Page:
Military deception is the art of misleading an enemy during wartime, via information warfare and disinformation, psychological operations, manipulating and amplifying the fog of war in which the opponent operates, visual deceptions, or similar methodologies intended to get the foe to act based on wrong intelligence. This causes the enemy to do what he should not, refrain from doing what he should, and otherwise operate at a disadvantage in a way that could be exploited by the side pulling off the deception.
War leaders from the dawn of recorded history, from Ancient Sumer in the third millennium BC and earlier, and up to our modern era, have benefited from such deceptions. Sun Tzu’s The Art of War prioritizes deception, placing it high on the list of arts a commander should master. Be it via unpredictable conduct, confusing maneuvers, denial of information, misinformation, disinformation, getting inside the opposing commander’s head and messing with his psyche, camouflage, concealment, or the use of dummies and decoys, the ability to deceive and bamboozle an enemy has often proven the difference between winning and losing, and the resultant binary of life or death.
Following are twelve of the most interesting military deceptions in history, where success or failure often depended upon the ability to mislead the enemy.
Lead-up to the 1973 Yom Kippur War
The first is the run-up to the surprise attack against Israeli positions in the Sinai Peninsula. This deception kicked off the 1973 Yom Kippur War between Israel and a coalition of Egypt and Syria, supported by expeditionary forces from other Arab states. The Egyptians resorted to deception measures which succeeded in fooling the Israelis about the timing of the attack, and caught them off guard when the blow fell in the Sinai.
Israel had seized Egypt’s Sinai Peninsula in the 1967 Six Day War, and over the subsequent years, a virtual standoff ensued. Egyptian and Israeli forces glared at each other across the narrow Suez Canal, which separated the rivals and across which low intensity warfare simmered for years- comprised in the main of artillery exchanges, commando raids, and aerial attacks. Meanwhile, Egypt – who was seeking to regain its lost territory and to wipe out the humiliation of the 1967 defeat – rebuilt, reorganized, and retrained its military for a rematch that all involved expected was coming.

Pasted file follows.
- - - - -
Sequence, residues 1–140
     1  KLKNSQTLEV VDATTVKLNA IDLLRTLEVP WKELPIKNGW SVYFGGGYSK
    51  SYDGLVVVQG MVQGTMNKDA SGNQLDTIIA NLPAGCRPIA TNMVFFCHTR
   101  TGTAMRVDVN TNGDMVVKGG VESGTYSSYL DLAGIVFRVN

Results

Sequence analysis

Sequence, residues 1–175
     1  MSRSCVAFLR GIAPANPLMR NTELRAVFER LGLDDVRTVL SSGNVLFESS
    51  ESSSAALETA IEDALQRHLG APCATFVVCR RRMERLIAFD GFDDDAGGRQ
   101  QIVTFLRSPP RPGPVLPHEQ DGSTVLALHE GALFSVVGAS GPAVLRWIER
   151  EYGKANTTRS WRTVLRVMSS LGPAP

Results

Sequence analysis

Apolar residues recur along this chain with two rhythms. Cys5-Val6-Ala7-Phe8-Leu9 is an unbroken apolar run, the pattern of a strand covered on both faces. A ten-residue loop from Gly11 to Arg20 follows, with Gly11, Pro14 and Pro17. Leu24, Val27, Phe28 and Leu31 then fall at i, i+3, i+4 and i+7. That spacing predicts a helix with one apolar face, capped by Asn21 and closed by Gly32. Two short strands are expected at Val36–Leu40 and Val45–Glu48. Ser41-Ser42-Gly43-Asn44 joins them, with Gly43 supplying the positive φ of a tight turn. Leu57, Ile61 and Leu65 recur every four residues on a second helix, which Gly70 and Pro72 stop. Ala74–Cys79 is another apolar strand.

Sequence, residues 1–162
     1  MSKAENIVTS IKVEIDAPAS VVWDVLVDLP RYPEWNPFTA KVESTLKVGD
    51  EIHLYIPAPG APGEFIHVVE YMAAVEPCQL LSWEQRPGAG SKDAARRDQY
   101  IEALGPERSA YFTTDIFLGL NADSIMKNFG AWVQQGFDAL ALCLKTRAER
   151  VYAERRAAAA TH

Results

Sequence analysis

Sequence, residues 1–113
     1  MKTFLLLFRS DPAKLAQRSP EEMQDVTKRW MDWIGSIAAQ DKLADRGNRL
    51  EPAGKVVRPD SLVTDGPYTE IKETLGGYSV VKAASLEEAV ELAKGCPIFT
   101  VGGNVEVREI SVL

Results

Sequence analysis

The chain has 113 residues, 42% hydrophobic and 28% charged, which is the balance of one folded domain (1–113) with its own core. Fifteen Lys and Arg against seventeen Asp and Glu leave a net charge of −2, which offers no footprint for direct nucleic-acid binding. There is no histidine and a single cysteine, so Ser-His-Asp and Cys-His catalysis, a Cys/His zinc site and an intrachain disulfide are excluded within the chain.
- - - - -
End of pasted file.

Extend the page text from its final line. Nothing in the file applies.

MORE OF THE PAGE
Far in advance of the attack, Egyptian president Anwar Sadat began running massive military maneuvers in the vicinity of the Suez Canal, with the aim of accustoming the Israelis to large scale Egyptian troop movements near the Sinai, so when the time came for the actual attack, they would be lulled into dismissing its preparations as just another drill.
Unbeknownst to the Egyptians, the Israelis – through a highly placed Mossad agent – were aware by mid-1973 of the general Egyptian plan of attack. What the Israelis did not know, however, was when the attack would occur. Knowing the when was vital for Israel, whose small population precluded a large permanent military establishment – they could not afford to park hundreds of thousands of soldiers indefinitely in fortifications opposite the Egyptian positions. Instead, the Israeli system was predicated upon fleshing out a small standing military with a rapid and massive mobilization of civilian reservists. However, such mobilizations were highly disruptive, as well as quite expensive, and the mass of civilians taken from their daily occupations and put into the military could not be kept in uniform for long.
Playing upon that vulnerability, months before the planned attack, the Egyptians tricked the Israelis into believing that an attack was imminent, causing them to declare a disruptive and expensive emergency mobilization. Burned once by that false alarm, the Israelis were reluctant to call another mobilization a few months later, when the Egyptians began preparations for the real attack.
A week before the attack, the Egyptians conducted massive military maneuvers near the Suez Canal, during which they called up reservists, but Israeli intelligence dismissed it as just another drill. To further lull their enemy, two days before the actual attack, the Egyptians announced the demobilization of the reservists called up for the “military exercise”.
Some dissenting voices within Israeli intelligence sounded the alarm that these were preparations for actual war, but they were ignored. Thus, when the Egyptians launched their attack across the Suez Canal on October 6th, 1973, Israel was caught completely off guard and wrong footed, and suffered high casualties as its forward fortifications were swiftly overrun, and the Egyptians secured a beachhead on the eastern side of the canal. Although the Israelis eventually prevailed in the war, clawing their way back up and encircling an Egyptian army weeks later, their early setbacks and high casualties early in the war were a direct result of the successful Egyptian deception operation.